How to Improve Walkability

Walkability usually refers to how urban and how likely people are to walk in an area. There are many definitions and metrics for walkability. Urban scientists often measure block size or distance between intersections.

One of the more highly rated mainstream sources on walkability is Jeff Speck with his book Walkable City and more recently, Walkable City Rules .

Speck says that a walk needs to be useful, interesting, safe, and comfortable to maximize the likelihood that people will take it.

WalkScore is another metric that applies to the “useful” metric. It is a number that aggregates the density of amenities for a location. [EDIT: WalkScore contacted me and asked I use their new official link on how it works.] I’ve seen it used in marketing properties as well as academic and market research.

Some of that research has shown that having a higher WalkScore correlates with higher rents or other desirable real estate outcomes .

The question then is how to improve your walkability. It’s a question some cities are asking. Smaller developers and investors looking to improve the value of their properties should be asking it too.

There are two issues at play here: 1) how to improve your WalkScore, and 2) how to improve your walkability overall. These are separate because WalkScore only measures usefulness.

A place can have more amenities but not be comfortable or interesting to walk in. Many strip shopping areas would fall into that category. Or maybe they don’t feel that safe because of a lack of sidewalks or huge parking lots. Part of the walkability survey is qualitative in nature.

Regarding the WalkScore, the easiest way to improve your WalkScore is to go to the WalkScore website and update missing amenities. I’ve found their website to be decent but not nearly as good as Google Maps in terms of having all their amenities in the database.

Screenshot of WalkScore for Richardson, Texas

I recently went and added a list of amenities by looking at Google Maps and adding missing features to WalkScore’s site. They don’t update your score immediately or else you could find out exactly how much they weight each amenity.

When I updated, I added a library, 3 restaurants, 2 theaters, a convenience store, 6 retail stores, 2 schools, 2 pubs, a disc golf park, and an alumni center (listing it as a community center). My WalkScore improved from 54 to 58 about a month later when I checked it again. I got 4 points for about 30 minutes of work. That could have been worth thousands if I’d owned commercial property in the area.

The next way to improve the WalkScore is to add new amenities. That’s part of the development process and a dance between developers, brokers, and city officials.

I separated WalkScore from walkability because there are ways to improve the latter that don’t affect the former.

About 20 years ago, our city, Richardson, Texas, commissioned a ULI study related to transportation. Dallas Area Rapid Transit (DART) was installing a rail line through the city and the study was to propose locations. The locations included shuttle service around each location since little of the city is walkable. Overall the city has a 43 WalkScore and that’s after a lot of urban infill since the study.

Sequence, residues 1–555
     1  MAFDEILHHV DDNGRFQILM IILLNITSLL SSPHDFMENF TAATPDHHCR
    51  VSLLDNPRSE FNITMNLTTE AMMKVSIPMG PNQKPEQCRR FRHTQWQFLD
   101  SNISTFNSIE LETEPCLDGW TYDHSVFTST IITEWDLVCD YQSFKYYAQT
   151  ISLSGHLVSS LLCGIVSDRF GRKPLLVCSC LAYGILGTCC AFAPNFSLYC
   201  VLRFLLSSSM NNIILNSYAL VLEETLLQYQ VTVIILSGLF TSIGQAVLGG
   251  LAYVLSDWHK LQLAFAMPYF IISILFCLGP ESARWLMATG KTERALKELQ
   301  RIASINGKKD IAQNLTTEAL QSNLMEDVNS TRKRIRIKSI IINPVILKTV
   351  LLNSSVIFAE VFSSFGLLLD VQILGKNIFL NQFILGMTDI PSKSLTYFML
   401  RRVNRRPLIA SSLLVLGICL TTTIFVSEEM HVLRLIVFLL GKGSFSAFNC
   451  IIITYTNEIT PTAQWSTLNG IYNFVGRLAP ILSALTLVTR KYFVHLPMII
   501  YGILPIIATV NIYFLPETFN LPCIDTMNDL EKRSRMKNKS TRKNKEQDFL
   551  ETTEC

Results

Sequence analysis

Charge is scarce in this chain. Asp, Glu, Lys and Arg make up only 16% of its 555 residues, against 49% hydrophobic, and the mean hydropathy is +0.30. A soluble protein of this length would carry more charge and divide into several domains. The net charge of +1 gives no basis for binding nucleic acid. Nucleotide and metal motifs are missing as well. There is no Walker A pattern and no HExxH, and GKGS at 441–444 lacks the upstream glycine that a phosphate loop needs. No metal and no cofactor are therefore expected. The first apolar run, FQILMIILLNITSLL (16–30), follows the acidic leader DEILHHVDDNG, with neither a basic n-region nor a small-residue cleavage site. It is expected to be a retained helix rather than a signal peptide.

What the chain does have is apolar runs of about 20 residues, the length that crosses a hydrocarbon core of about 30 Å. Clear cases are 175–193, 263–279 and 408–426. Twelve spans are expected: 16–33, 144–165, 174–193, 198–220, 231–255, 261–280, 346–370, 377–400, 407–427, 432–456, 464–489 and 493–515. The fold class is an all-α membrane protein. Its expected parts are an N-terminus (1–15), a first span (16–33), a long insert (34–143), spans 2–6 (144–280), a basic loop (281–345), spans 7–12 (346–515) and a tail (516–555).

Most of the rail stops were installed but no shuttle was added. The stops vary from being a large parking lot to being at a huge mixed-use development.

Outside Arapaho Station in Richardson

For a GIS Day project, I worked with another GIS PhD student to measure the effect of adding that shuttle service in on walkability. Our underlying assumption was that the walkability benefits of each location accrued to the next because jumping on and off for one-stop wouldn’t require driving.

While riding public transit is not walking, avoiding driving can be a major benefit especially where parking is sparse or residents don’t own cars (like many students at the nearby major university).

I did qualitative surveys of the nearby sidewalk infrastructure including checking for the presence of a sidewalk, distance from the street, railing, tree shade, etc. I checked if there was anything to see on the way (interesting), and gave a subjective rating toward how safe the area felt from traffic and crime.

My partner drew two shuttle routes that connected all the major amenity centers and rail stops. They both met at the middle rail station at Arapaho where the large parking lot is. I’ve included our poster here.

GIS Day Project 2013

We got second place. I was told we would have gotten first if we had included a legend on the map. I was recently in the program and hadn’t yet learned the dogma about map legends. I was still thinking from a marketing point of view and that a legend would likely have not conveyed very much information and would have cluttered the poster.

Pivo, Gary, and Jeffrey D. Fisher. 2011. “The Walkability Premium in Commercial Real Estate Investments.” Real Estate Economics 39 (2): 185–219. http://onlinelibrary.wiley.com/doi/10.1111/j.1540-6229.2010.00296.x/full.
Speck, Jeff. 2013. Jeff Speck: The Walkable City. TEDCity2.0. https://www.ted.com/talks/jeff_speck_the_walkable_city.
Speck, Jeff. 2018. Walkable City Rules: 101 Steps to Making Better Places. Washington, DC: Island Press.

About the author

Louis Burns, PhD

Dr. Burns is the president of Urban Prosperity. He completed graduate work in real estate, GIS, urban design, and gaming at the University of Texas at Dallas. He was formerly both a commercial and residential Realtor, a freelance marketer, a tiny house builder, a math teacher, and an Airborne Army Medic.

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